Looking ahead

A close look at the evidence suggests that China has not been engaged in “debt-trap diplomacy” in the Pacific, at least not so far. Nonetheless, if future Chinese lending continues on a business-as-usual basis, serious problems of debt sustainability will arise, and concerns about quality and corruption are valid.

There have been recent signs that both China and Pacific Island governments recognize the need for reform. China needs to adopt formal lending rules similar to those of the multilateral development banks, providing more favorable terms to countries at greater risk of debt distress. Alternative approaches might include replacing or partially replacing EXIM loans with the interest-free loans and grants that the Chinese Ministry of Commerce already provides.

Introducing formal lending rules would offer certain advantages for China. Implementation would be relatively straightforward and would require only modest additional coordination efforts. It would also encourage greater cooperation and coordination between China, the IMF, and other official creditors, helping to reduce some of the geopolitical tensions surrounding the BRI.

Adopting formal lending rules would also help borrowing countries manage their debt more sustainably. Today, China’s state firms often engage directly with political elites when seeking agreement for new projects. In weaker-governance environments, this can mean bypassing the local finance officials normally responsible for advising on such matters. While final decisions will always rest at the political level, such practices undermine the ability of Pacific nations to manage their debt effectively. Clear rules anchoring Chinese lending to a formal assessment of debt sustainability could help address these issues by mandating early engagement with the finance officials of recipient countries on any new lending plans.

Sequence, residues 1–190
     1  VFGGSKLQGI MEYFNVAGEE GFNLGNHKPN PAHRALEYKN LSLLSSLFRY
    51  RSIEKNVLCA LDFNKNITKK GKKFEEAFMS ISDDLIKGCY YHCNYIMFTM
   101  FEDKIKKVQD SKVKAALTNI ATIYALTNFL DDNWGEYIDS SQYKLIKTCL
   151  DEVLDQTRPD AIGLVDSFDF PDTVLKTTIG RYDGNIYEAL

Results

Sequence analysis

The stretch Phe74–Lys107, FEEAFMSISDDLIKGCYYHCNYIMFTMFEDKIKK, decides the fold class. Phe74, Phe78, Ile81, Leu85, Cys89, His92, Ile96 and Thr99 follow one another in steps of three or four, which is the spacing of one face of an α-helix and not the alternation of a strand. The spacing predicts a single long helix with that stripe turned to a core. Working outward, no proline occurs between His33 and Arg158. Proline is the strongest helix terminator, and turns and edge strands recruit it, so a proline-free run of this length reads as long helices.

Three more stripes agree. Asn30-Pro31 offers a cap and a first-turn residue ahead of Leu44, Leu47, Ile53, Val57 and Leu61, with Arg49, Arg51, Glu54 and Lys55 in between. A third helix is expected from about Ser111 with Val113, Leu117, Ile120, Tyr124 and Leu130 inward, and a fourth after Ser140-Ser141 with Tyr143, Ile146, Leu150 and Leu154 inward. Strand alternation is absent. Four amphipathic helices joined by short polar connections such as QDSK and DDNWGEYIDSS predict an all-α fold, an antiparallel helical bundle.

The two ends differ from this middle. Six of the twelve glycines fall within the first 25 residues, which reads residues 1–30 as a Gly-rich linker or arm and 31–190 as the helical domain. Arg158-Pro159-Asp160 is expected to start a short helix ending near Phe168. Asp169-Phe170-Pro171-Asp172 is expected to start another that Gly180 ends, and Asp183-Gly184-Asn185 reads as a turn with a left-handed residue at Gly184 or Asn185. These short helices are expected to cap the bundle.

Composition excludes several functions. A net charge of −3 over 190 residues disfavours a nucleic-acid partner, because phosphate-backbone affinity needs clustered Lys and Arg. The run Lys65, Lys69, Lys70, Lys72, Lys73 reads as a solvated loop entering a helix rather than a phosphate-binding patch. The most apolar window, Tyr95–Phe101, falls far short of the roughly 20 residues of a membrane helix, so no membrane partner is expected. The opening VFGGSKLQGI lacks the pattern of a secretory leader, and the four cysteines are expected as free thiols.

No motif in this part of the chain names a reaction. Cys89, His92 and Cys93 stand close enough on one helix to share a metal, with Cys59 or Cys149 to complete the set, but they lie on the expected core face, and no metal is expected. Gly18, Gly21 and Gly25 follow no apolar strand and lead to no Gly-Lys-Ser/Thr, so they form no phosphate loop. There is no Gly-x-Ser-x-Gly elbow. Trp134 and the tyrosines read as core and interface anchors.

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This East-West Wire is based on Ocean of debt? Belt and Road and debt diplomacy in the Pacific (October 2019), by Roland Rajah, Alexandre Dayant, and Jonathan Pryke. Sydney: Lowy Institute.

Download a pdf version of this Wire article.

Jonathan Pryke is Director of the Pacific Island Program at the Lowy Institute in Sydney, Australia. He can be reached at jpryke@lowyinstitute.org.